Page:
House Democrats are considering articles of impeachment against President Trump that include obstruction and bribery but are unlikely to pursue a treason charge as they weigh how to illustrate that the president’s activities involving Ukraine were part of what they see as a pattern of misconduct, according to congressional aides.

Democratic members of the Judiciary Committee and Intelligence Committee, which this week released a report of their findings from a two-month-long impeachment investigation, have said that they believe Trump’s actions vis-a-vis Ukraine meet the definition of bribery, one of the crimes the Constitution identifies specifically as an impeachable offense.

Central to the Intelligence Committee’s findings is that Trump compromised U.S. national security when he held back diplomatic engagement and congressionally approved military aid from Kyiv, until Ukrainian President Volodymyr Zelensky committed to publicly announce he was launching investigations into a debunked conspiracy theory surrounding a hacked Democratic National Committee server and of the son of former vice president Joe Biden, who is running to replace Trump in 2020.

Biden’s son Hunter Biden sat on the board of Ukrainian energy company Burisma for five years. Before his arrival, Burisma’s owner had come under investigation for corruption.

Democratic leaders say they have overwhelming support in their ranks for articles dealing with the core of Trump’s conduct regarding Ukraine, two Democratic leadership aides said, speaking on the condition of anonymity to talk candidly.

The aides, who are familiar with internal discussions, also expect at least one article concerning the Trump administration’s obstruction of Congress, although it’s not known how broad those charges will be.

Aides cautioned that the situation remains fluid and that discussions about the articles are ongoing.

Several members of the Judiciary panel are also eager to make reference in the articles to the president’s alleged efforts to obstruct justice in former special counsel Robert S. Mueller III’s Russia probe, arguing that Trump has repeatedly solicited or welcomed foreign interference in his election bids.

Speaking with reporters Thursday, House Speaker Nancy Pelosi (D-Calif.) insisted that Russia was an integral factor in the president’s alleged misconduct regarding Ukraine, because when Trump decided to withhold military aid to Kyiv, it was the Kremlin that benefited.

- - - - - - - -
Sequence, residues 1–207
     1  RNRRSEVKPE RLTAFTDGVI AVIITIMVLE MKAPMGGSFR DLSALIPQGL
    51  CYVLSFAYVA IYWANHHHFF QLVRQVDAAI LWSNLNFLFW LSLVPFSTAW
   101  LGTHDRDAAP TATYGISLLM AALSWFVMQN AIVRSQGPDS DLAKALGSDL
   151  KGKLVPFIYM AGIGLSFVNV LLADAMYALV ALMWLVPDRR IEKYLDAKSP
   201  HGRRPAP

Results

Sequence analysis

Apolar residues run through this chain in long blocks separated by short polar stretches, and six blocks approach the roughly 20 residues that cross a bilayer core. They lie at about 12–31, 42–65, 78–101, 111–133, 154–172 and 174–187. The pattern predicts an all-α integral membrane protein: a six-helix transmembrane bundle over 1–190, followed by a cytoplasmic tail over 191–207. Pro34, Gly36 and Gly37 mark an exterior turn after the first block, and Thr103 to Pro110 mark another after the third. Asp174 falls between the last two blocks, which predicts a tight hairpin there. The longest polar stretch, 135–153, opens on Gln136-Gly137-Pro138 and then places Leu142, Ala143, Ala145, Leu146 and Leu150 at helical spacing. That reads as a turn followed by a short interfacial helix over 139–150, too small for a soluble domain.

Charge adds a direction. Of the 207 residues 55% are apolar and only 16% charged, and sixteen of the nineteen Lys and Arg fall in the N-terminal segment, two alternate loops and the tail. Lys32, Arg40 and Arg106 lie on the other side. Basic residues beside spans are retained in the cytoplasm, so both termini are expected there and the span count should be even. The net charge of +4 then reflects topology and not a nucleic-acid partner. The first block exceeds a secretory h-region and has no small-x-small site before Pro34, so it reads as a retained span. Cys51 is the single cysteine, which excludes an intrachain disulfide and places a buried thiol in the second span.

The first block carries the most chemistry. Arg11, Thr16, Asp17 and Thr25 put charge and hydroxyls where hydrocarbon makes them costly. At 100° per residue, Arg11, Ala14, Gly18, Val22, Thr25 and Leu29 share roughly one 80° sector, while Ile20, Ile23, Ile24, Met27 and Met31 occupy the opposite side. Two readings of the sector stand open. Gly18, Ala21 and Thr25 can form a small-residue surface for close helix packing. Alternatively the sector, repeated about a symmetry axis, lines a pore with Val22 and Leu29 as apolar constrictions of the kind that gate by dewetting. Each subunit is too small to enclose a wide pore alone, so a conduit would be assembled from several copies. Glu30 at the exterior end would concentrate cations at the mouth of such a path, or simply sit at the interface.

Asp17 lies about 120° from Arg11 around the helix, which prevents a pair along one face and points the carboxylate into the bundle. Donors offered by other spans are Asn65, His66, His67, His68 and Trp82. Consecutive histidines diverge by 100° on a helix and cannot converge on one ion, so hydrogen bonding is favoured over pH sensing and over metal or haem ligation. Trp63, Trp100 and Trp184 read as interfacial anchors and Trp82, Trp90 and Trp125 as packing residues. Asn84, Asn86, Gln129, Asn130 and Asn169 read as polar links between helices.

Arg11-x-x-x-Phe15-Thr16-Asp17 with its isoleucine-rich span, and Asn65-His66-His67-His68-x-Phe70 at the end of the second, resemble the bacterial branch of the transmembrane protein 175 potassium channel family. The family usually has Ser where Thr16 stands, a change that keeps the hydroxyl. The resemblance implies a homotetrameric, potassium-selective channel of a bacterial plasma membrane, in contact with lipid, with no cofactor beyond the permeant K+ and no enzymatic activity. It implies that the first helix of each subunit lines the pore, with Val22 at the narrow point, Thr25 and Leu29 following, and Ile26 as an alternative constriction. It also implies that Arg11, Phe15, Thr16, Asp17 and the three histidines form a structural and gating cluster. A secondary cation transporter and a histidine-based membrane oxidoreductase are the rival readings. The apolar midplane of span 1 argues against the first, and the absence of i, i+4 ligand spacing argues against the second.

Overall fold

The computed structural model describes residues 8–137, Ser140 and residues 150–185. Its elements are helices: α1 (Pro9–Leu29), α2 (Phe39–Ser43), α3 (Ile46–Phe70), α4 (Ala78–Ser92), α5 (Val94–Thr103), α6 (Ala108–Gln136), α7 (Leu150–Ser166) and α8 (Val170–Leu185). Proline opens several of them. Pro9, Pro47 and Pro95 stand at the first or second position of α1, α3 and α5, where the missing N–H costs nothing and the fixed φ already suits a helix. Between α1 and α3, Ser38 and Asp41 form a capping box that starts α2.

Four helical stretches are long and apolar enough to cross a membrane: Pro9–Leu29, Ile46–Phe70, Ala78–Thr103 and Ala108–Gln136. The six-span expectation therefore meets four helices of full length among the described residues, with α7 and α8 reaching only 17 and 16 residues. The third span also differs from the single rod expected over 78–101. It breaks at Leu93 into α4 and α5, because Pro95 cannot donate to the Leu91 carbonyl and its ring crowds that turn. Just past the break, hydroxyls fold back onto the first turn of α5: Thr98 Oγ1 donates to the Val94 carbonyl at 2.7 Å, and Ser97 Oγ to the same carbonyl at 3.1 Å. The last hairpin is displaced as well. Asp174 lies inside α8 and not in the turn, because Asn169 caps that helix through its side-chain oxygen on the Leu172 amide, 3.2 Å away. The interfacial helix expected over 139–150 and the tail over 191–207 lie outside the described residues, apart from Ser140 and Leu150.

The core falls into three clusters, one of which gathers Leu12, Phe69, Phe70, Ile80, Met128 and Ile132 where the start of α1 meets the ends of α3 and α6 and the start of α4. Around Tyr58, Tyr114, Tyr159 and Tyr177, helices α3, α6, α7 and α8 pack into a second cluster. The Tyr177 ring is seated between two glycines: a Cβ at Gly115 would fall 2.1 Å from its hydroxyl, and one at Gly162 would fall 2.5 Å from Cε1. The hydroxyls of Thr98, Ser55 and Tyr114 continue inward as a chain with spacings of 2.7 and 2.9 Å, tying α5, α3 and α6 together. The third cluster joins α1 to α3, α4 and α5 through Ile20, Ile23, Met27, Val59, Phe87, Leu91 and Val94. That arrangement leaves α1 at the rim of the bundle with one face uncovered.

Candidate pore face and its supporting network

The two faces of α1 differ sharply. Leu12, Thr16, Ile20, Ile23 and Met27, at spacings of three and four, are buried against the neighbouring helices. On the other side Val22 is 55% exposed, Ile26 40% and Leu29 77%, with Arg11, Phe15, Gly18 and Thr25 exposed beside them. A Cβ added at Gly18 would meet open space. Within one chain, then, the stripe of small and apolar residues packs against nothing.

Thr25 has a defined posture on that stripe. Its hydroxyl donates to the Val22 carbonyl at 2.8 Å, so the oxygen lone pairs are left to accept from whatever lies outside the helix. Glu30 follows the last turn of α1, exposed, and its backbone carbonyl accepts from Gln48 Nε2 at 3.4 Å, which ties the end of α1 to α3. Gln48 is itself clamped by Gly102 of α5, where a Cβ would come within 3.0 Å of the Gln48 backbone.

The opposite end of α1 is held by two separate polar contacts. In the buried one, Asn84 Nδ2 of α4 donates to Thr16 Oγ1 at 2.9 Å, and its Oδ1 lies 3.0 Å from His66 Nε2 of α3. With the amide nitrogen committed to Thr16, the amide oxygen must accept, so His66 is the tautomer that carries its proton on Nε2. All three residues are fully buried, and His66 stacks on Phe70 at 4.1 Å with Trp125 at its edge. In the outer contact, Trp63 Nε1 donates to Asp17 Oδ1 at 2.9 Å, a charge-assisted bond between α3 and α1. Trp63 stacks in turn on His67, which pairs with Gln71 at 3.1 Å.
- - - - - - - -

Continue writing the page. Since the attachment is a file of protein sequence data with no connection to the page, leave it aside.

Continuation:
“Russia. It’s about Russia,” Pelosi said. “All roads lead to Putin. Understand that.”

But Democrats have yet to commit to including articles of impeachment that directly address Trump’s alleged ties to Russia that were detailed in the Mueller report, or settle on how they will organize and draft their various grievances against the president. Pelosi refused to answer reporters’ questions about plans for specific articles Thursday, as well, noting only that impeachment was now an imperative.

“I’m really sorry the president made this necessary,” Pelosi said. “If we do not act on this, the message to any future president . . . would be, ‘You can do whatever you want.’ ”

Leading Democrats, including Pelosi and House Intelligence Committee Chairman Rep. Adam B. Schiff (D-Calif.), already have identified Trump’s alleged effort to leverage the power of his office to secure personally advantageous political favors as bribery, and an abuse of office that rises to the “high crimes and misdemeanors” level of an impeachable offense. But the House Intelligence Committee’s report on the findings from its impeachment probe stopped short of recommending the Judiciary Committee pursue specific charges.

Despite Democratic members’ repeated references to how Trump’s efforts in Ukraine compromised and undermined U.S. national security, there is no appetite for trying to impeach Trump on grounds of treason, the third specific act listed in the Constitution’s definition of impeachable offenses, according to people familiar with plans.

But members have been very clear that they believe Trump is guilty of obstruction of Congress, defined by his categorical refusal to allow his administration to comply with the impeachment investigation or its subpoenas, and that rises to the level of an impeachable offense.

On Wednesday, a Judiciary panel featured legal experts who argued that could be considered obstruction of justice, as well.

There is now considerable pressure on the Judiciary Committee to hash out a final list of articles — and to do it quickly, so the panel can wrap up its work in time to allow the full House to impeach Trump before Christmas.

Pelosi gave her official blessing to Judiciary Committee Chairman Rep. Jerrold Nadler (D-N.Y.) to take those steps Thursday morning, in an address stating she had asked him “to proceed with articles of impeachment.” Less than two hours later, the Judiciary Committee announced that it would host lawyers from the House Intelligence Committee on Monday to present the official findings from their report.